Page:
Leaseholds are common in the UK, especially in flats. But what happens when they expire? It can become complicated if you’re not prepared, and your best bet is to avoid them expiring at all costs. Why? We take a look at what happens when a leasehold expires.
What is a leasehold?
Leasehold gives someone the right to use and occupy a property for the specific period outlined in the lease agreement. The lease owner is known as the freeholder, while the person on the lease is the leaseholder. An agreement outlines essential terms regarding the property. This includes the length of the lease, ground rent due and any restrictions or conditions on use of the property.
Leaseholders have the right to live in the property for the duration of the lease and are responsible for maintenance. It’s common to find leaseholds in purpose-built buildings with several apartments inside.
How do I know how long is left on the leasehold?
You can see how much time is left on the lease by looking at the agreement or contacting the freeholder.
As the lease gets shorter, the property’s value decreases, and a leasehold property with a shorter lease may be harder to sell or mortgage. It’s also handy to know that in some cases, if the lease has less than 80 years remaining, the leaseholder may have difficulty getting a new mortgage and could end up paying higher ground rent.
What happens if my leasehold runs out?
When the leasehold on a property runs out, the leaseholder no longer has the right to live there. The freehold owner will be the legal owner of the property, and you won’t have any rights regarding the home. This means the freeholder can increase the ground rent as they see fit or even ask for the property back!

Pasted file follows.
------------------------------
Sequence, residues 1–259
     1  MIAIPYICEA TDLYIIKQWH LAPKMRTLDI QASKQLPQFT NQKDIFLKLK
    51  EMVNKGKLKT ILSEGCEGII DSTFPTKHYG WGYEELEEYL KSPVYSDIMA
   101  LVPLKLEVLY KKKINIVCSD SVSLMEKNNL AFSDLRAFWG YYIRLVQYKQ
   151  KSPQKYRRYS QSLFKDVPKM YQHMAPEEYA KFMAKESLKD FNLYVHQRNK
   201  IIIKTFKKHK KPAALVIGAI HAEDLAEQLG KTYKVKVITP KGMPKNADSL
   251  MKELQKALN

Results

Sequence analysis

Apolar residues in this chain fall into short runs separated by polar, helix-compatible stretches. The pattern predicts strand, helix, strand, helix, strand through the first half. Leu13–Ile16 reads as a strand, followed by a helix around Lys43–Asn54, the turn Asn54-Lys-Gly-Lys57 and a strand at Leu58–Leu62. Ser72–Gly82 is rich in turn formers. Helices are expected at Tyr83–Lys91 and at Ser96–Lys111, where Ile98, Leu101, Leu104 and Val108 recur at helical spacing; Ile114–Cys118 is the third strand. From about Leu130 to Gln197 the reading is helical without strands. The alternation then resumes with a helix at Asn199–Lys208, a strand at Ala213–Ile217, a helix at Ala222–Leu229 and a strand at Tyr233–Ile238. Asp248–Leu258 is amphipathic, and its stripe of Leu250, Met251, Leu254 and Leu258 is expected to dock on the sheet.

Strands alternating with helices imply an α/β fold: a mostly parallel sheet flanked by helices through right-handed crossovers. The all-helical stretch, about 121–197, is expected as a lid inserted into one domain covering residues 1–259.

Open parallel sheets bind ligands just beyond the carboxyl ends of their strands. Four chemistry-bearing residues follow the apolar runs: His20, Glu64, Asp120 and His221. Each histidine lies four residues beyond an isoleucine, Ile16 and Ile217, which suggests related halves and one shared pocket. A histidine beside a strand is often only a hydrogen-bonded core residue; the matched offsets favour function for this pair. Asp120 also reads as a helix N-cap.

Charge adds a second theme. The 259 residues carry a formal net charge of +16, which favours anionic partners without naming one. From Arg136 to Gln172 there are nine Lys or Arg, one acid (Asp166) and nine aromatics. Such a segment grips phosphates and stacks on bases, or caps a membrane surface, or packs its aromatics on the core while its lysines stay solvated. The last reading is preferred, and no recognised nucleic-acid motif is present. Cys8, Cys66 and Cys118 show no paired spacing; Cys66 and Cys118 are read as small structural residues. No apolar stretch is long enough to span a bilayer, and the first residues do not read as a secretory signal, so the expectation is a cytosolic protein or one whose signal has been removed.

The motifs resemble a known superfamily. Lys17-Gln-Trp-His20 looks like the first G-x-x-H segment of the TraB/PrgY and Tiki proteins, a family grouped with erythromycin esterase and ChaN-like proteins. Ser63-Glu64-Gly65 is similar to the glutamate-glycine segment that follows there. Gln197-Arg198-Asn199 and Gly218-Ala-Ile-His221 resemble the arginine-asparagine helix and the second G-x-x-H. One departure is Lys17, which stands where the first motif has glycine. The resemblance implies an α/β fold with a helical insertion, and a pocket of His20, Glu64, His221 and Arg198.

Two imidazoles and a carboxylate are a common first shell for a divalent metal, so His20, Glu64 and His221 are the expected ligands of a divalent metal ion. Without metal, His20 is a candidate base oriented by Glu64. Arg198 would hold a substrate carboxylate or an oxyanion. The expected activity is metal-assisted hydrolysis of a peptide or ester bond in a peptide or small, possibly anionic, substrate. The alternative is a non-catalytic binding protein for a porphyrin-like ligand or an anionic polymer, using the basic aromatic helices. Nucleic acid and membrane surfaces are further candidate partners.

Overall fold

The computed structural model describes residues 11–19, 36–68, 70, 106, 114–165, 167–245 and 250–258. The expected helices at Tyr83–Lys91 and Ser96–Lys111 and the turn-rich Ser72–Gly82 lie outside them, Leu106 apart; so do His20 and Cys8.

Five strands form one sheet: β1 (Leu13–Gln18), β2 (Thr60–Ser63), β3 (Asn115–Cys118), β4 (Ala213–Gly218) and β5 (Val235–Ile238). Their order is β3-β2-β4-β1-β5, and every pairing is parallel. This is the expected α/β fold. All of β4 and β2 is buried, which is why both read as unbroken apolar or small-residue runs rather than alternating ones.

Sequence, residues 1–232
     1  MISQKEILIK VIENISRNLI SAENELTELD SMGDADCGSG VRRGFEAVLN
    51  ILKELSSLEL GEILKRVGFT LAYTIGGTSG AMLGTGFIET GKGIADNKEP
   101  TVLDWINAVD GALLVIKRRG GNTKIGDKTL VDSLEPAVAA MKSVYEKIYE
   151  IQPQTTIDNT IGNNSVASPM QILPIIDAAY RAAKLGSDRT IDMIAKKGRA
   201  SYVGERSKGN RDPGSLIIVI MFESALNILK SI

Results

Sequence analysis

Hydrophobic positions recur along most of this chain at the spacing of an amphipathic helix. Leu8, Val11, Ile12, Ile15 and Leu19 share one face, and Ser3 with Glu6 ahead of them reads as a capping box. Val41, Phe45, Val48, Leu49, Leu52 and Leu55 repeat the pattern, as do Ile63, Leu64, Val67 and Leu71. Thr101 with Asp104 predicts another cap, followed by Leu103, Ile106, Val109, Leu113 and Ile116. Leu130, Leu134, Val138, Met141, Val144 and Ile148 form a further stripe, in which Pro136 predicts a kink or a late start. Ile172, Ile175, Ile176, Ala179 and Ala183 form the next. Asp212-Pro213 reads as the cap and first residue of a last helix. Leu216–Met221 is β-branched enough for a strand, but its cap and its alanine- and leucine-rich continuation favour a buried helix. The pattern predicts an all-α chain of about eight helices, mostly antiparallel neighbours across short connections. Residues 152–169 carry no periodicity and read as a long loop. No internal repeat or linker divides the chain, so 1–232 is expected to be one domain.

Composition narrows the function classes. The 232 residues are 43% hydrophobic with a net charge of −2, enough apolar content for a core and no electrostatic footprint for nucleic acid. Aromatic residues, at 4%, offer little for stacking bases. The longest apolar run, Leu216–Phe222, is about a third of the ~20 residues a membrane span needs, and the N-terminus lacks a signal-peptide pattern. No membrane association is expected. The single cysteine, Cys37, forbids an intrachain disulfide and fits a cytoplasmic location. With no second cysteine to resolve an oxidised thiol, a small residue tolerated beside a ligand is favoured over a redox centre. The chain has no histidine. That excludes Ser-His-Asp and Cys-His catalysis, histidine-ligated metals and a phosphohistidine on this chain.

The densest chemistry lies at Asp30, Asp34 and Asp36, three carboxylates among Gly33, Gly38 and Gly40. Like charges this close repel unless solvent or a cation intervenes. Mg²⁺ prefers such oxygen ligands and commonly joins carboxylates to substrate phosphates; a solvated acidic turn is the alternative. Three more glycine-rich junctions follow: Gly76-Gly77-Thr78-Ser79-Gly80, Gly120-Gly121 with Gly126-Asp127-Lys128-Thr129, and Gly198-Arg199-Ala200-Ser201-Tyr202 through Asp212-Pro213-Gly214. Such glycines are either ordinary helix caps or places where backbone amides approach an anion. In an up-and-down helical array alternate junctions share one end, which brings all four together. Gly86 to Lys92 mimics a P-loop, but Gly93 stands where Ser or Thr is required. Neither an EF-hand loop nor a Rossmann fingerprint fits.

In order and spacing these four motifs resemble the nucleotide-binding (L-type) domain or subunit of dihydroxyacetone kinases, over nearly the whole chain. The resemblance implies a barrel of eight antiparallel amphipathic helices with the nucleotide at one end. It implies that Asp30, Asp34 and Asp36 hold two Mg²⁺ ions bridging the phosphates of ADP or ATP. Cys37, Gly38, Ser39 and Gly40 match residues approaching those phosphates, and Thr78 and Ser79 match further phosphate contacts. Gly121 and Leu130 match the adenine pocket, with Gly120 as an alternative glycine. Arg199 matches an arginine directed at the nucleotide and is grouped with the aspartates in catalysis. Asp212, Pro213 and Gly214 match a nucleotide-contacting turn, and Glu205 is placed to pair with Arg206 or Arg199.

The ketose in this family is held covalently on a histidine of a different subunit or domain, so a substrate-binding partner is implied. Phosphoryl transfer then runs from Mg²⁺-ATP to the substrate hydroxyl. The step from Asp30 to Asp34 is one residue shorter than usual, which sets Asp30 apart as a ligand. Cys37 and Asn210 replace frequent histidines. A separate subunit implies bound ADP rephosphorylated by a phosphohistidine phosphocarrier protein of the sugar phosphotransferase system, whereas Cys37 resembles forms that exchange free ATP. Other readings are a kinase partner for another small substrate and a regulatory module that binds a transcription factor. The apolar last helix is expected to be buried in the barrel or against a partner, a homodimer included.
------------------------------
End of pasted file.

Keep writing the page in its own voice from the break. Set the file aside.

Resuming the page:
What happens if I don’t renew my leasehold?
If you don’t renew your leasehold, it reverts to a freehold. The property owner will then regain possession, and you may be required to vacate. Depending on the terms and conditions of the lease, you may also be liable for any damages to the property.
Ultimately, you don’t want the leasehold to expire. Expiry could mean you find yourself in a complicated situation where you no longer have the right to the property. Fortunately, most new homes now have long leaseholds (more on that shortly). If you’re buying a leasehold property the solicitor’s property check will tell you how long is left on the lease.
What’s the difference between a leasehold and a freehold?
When it comes to owning a property, there are two main types of ownership: leasehold and freehold.
A leasehold property is essentially a long-term rental agreement. The leaseholder owns the right to live in and use a property for a specific period of time. This is usually between 99 and 999 years. The length of the lease is outlined in a lease agreement with the building’s owner, known as the freeholder.
A freehold property is when the owner holds both the right to use and occupy the property, as well as the legal title. The owner has full control over the home and the land it’s built on and is responsible for maintaining and managing it.
Can a lease be changed by the freeholder?
Generally speaking, the terms of a lease can be changed by the freeholder only if both parties agree to those changes or if the lease itself allows for changes to be made. If a lease has a provision that allows changes by the freeholder, it must be reasonable and in compliance with the lease and all relevant laws.